According to Bizz Buzz:
Is India on the cusp of a manufacturing boom? The Centre is hopeful that, given its potential, the country can become a global manufacturing hub, with a $500 billion volume by 2030. In 2021, it was $7747 billion. That is the hope and there are some good signs on that front. S&P Global India Manufacturing Purchasing Managers’ Index showed a three-month high in March, with the index rising to 56.4 from February’s 55.3. US technology major Apple has increased its iPhone production in India quite significantly, having made about seven per cent of them in the previous financial year. Apple partners Foxconn Technology Group and Pegatron Corp assembled its products in the country, which is a remarkable progress, considering that India manufactured just one per cent of the world’s iPhones in 2021.
Chinese smartphone maker Vivo has also announced Rs 1,100-crore investment in their new 169-acre manufacturing unit in Greater Noida. As per the recent index of industrial production (IIP), manufacturing grew 5.3 per cent in February, which is not very impressive as the base, February 2022, was very low at 0.2 per cent. However, data for the April 2022-February 2023 period showed 4.9 per cent rise, which was against 13 per cent in the corresponding period in 2021-22. Similarly, capital goods, implying capacity addition to the economy, have been doing well. The segment grew 10.5 per cent in February, but this was against a low base of 0.3 per cent in February last year. But in the first eleven months of the last fiscal, capital goods grew by a whopping 13.4 per cent, against a very high 19 per cent in the corresponding period in 2021-22, which are signs that manufacturing is in a recovery mode. Another survey conducted by Ficci shows that capacity utilization in the manufacturing sector stood at 72 per cent in the second quarter of FY22, indicating the sector’s significant recovery. More importantly, capacity utilization was 69.1 per cent in the Covid-hit Q2 in 2019-20.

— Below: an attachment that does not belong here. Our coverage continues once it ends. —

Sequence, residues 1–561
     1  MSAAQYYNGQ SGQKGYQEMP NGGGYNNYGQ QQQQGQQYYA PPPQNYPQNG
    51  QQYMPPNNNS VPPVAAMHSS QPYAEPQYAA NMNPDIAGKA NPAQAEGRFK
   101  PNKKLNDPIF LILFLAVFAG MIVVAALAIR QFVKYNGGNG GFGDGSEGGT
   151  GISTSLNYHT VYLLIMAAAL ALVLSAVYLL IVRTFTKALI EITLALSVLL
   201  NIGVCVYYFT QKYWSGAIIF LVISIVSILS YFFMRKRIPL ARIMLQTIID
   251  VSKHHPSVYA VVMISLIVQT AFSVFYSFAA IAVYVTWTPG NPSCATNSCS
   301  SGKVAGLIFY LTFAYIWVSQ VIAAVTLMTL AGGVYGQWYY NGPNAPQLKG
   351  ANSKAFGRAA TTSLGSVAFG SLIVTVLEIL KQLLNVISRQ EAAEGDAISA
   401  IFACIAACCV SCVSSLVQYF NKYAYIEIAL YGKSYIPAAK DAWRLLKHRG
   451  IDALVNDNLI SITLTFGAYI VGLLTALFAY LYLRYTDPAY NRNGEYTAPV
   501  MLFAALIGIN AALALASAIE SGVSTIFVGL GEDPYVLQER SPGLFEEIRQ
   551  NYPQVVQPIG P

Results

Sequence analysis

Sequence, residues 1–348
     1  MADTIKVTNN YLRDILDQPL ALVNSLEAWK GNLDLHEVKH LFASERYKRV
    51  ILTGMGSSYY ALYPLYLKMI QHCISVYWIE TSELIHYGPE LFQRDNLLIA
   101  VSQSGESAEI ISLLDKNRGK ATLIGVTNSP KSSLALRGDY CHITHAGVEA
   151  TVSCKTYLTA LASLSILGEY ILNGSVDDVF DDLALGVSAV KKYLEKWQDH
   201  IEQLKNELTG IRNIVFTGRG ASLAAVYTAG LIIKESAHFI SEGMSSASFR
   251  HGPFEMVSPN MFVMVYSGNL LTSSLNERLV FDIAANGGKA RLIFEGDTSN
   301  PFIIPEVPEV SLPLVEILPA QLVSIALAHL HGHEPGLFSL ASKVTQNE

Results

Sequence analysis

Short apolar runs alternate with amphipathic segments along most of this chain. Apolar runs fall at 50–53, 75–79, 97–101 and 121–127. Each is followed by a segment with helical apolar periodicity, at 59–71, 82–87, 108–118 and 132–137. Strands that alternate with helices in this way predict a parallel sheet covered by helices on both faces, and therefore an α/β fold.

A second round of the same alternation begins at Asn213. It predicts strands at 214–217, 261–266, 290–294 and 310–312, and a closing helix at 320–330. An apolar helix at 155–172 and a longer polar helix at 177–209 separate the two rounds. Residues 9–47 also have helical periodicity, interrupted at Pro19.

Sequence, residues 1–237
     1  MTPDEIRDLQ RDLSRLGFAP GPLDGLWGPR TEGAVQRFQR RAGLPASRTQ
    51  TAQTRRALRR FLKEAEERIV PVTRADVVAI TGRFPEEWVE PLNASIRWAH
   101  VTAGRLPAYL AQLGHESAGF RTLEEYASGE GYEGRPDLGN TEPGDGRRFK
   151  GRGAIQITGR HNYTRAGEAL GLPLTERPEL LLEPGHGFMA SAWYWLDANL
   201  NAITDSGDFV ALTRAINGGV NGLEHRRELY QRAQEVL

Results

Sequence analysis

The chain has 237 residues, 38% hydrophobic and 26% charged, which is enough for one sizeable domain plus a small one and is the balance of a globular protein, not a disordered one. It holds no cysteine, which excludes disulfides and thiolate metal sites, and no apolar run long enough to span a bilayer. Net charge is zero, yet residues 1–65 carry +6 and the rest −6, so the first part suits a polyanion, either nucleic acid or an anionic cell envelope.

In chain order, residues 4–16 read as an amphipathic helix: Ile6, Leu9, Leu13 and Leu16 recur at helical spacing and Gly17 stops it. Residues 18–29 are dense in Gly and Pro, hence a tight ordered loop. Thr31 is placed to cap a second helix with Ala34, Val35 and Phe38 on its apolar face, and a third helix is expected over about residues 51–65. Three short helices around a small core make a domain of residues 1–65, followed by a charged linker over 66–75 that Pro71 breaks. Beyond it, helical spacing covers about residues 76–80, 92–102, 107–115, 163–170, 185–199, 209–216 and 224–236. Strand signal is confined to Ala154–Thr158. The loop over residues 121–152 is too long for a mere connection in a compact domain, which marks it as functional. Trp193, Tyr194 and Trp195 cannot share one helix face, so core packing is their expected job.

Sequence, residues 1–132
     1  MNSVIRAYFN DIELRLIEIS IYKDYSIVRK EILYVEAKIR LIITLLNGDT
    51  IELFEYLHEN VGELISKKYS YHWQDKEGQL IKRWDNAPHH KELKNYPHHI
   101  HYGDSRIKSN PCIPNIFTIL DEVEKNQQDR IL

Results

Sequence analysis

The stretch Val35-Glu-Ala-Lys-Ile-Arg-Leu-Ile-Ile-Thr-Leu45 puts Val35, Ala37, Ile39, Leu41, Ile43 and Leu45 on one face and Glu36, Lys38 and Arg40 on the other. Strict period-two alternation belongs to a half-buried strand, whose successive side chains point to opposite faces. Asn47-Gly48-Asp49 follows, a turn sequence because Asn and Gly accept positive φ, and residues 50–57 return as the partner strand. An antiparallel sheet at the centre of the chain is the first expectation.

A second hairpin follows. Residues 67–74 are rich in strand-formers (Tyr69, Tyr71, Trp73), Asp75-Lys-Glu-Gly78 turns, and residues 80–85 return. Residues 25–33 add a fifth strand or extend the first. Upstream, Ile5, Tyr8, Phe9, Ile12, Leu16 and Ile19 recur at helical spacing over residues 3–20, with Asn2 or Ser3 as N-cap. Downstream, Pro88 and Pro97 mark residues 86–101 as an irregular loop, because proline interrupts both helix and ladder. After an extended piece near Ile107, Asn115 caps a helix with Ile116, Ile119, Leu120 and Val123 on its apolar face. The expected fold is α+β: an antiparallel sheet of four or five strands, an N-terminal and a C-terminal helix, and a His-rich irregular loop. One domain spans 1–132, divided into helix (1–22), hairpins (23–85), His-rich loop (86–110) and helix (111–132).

India is gradually progressing on the road to Industry 4.0 through the government’s initiatives like the National Manufacturing Policy, which aims to increase the share of manufacturing in GDP to 25 per cent by 2025 and the production-linked incentive (PLI) scheme to boost the core manufacturing sector at par with global standards. All these sound nice, but the objective reality is not as cheerful. Never once since 1960 has the share of manufacturing in GDP even touched the 20 per cent mark. The high watermark was 18 per cent, which was touched in 1979 and 1995. From 16 per cent in 2015, it gradually declined to reach a low 13 per cent in 2019. It went up to 14 in 2021.
The government claims that industrialists can take advantage of four market opportunities: expanding exports, localizing imports, internal demand and contract manufacturing. With digital transformation being a crucial component in achieving an advantage in this fiercely competitive industry, technology has today sparked creativity. That’s true but the Central government should also ensure that states carry out economic reforms at their level. This is the sine qua non of rapid industrialization.